For the second week in succession, I am writing about snow – winter has arrived at last. With sub-zero overnight temperatures and a good covering of snow, I had little hope on Sunday of producing any sort of list for my monthly wildfowl count.
At the first of my three lochs, I could immediately see that it was completely frozen over, with as much life on it as the inside of my deep freeze.
It was much the same story at my next port of call, but not only was it frozen over but the level was so high that the loch had overflowed onto the access road before icing over – no chance of getting a closer look whatsoever. From my distant vantage point I could see a small group of mute swans and mallards dozing on the ice.
Lindean Reservoir was my final stop and here too I was beginning to think it was a waste of time as it looked completely iced over. However, by this time “Treacle” the cockapoo was looking desperate for a walk so I decided to walk round the loch. Just as well too, as it turned out.
The sun was out and it was lovely and firm underfoot after weeks of soggy mud and I soon began to really enjoy the walk.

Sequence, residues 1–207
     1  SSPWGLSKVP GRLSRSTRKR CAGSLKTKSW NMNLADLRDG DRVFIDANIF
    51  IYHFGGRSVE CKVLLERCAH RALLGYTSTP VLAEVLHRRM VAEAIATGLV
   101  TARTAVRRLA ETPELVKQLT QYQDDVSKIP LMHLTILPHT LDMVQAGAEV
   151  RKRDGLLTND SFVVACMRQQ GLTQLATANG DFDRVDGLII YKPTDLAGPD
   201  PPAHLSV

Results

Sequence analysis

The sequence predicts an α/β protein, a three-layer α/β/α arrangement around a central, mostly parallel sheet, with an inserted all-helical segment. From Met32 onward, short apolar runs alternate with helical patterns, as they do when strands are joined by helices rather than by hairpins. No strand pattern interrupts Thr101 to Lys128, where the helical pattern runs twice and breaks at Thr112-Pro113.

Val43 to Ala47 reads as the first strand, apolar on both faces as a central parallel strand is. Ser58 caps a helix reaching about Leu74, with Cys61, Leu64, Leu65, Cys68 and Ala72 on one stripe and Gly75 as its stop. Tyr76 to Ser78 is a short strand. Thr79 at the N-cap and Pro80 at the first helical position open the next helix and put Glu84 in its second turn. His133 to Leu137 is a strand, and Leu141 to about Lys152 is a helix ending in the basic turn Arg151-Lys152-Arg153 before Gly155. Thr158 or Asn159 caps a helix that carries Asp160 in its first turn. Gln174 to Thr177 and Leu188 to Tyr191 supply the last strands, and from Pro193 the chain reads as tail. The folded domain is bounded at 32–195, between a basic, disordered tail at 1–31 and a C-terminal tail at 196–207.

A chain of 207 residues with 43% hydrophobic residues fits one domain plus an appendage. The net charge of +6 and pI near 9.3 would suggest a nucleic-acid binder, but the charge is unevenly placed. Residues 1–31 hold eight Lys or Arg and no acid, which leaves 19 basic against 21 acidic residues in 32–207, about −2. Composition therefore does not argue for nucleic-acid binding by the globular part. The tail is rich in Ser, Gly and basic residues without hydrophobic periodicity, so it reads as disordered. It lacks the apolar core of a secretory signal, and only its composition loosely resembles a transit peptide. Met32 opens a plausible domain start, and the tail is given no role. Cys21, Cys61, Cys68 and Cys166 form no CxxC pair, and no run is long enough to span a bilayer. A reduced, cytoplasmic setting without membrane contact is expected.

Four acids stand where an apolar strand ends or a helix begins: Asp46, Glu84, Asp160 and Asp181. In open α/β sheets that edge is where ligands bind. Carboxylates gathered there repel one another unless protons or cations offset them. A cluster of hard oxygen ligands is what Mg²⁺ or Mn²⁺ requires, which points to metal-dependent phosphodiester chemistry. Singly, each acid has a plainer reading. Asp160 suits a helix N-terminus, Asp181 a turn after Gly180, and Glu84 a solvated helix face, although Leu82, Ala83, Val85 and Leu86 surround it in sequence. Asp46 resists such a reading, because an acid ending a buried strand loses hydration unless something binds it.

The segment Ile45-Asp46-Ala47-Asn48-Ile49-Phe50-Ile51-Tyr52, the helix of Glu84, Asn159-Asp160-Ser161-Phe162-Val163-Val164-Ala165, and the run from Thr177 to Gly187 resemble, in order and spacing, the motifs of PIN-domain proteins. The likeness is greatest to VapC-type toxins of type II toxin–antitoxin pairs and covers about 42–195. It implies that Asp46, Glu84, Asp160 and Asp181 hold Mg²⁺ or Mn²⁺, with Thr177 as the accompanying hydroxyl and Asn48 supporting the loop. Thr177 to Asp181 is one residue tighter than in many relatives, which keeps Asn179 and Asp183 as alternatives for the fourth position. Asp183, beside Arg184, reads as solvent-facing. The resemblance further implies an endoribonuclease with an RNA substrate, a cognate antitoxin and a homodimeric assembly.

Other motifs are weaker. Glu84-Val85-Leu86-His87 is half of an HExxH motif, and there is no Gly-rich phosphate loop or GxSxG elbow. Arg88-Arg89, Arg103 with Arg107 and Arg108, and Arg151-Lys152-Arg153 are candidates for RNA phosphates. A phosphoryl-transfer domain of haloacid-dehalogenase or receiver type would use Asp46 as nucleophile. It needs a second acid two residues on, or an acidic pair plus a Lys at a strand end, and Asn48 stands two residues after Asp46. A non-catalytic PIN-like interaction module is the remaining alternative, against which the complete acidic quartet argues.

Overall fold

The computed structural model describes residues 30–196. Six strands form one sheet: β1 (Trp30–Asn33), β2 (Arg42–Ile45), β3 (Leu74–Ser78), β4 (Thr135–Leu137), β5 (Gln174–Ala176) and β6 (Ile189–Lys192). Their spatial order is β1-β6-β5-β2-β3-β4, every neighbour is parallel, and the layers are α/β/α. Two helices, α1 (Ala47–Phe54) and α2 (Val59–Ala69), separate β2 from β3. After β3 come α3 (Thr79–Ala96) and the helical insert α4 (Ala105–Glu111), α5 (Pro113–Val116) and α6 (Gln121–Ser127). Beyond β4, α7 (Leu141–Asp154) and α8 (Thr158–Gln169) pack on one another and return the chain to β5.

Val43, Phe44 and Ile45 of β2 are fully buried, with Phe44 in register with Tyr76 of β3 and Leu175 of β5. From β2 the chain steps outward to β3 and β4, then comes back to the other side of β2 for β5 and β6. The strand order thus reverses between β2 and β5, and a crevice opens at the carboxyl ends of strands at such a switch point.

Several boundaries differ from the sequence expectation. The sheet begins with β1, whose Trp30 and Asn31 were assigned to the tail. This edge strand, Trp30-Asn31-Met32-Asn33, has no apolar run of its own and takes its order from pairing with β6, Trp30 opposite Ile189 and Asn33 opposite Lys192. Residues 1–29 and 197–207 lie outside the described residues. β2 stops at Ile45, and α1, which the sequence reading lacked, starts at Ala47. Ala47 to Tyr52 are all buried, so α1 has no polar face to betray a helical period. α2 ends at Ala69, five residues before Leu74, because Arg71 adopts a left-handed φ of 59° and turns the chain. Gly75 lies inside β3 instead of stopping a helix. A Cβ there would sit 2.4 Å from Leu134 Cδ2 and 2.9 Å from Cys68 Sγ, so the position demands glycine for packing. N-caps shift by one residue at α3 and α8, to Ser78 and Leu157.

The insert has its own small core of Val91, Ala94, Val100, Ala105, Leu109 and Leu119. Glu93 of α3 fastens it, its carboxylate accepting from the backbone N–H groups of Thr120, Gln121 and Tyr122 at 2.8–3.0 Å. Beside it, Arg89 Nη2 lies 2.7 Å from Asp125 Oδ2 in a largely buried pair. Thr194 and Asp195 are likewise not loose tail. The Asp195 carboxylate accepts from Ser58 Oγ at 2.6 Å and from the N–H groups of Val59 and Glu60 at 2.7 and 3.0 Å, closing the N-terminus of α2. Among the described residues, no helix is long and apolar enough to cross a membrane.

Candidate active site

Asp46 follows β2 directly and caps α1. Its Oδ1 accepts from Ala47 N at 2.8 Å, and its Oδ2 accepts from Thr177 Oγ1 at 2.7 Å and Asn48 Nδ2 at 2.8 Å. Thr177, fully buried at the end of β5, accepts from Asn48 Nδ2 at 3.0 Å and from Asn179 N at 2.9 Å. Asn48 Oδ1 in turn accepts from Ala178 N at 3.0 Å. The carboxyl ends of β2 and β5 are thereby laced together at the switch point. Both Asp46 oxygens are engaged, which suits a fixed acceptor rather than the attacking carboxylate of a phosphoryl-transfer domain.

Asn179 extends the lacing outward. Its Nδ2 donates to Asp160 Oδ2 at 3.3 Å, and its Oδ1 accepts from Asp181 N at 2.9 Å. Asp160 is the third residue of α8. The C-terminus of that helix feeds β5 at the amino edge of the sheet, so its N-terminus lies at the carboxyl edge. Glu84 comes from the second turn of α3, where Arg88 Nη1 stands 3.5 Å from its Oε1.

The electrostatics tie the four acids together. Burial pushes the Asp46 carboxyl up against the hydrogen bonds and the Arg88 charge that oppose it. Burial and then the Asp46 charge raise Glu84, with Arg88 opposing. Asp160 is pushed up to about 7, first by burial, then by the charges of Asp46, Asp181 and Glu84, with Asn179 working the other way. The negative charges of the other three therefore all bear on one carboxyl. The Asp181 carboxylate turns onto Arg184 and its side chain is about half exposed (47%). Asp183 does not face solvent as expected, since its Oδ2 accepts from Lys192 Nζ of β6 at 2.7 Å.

Fieldfares were scolding me from the top of a birch tree and a pair of ravens flew across the loch, their guttural croaks causing the dog to look skywards to see what their problem was. I could clearly see on the snow covered ice where a fox had ventured out to take a short cut, leaving behind a clear set of tracks.
Nearing the far end of the loch, I could see that there was a tiny scrap of open water which was surrounded by dozens of resting waterfowl – at last, something for me to count. Scanning the horde with my binoculars, I reckoned there were 80 mallard, nine mute swans and the bonus in the middle was a solitary Canada goose – a first for me at Lindean and the highest number of mallards I’ve encountered there.
The Canada is a large goose, with a distinctive black head and neck and large white throat patch. An introduced species from N America, it has successfully spread to cover most of the country, forming noisy flocks and is often regarded as a nuisance in areas where large numbers occur on amenity grassland and parks.
It is thought that around 62,000 pairs presently breed in the UK. I’m not sure where this individual came from but its normal pond or loch must have been frozen over.
It just goes to show that some days start out with little in prospect but often turn out quite differently.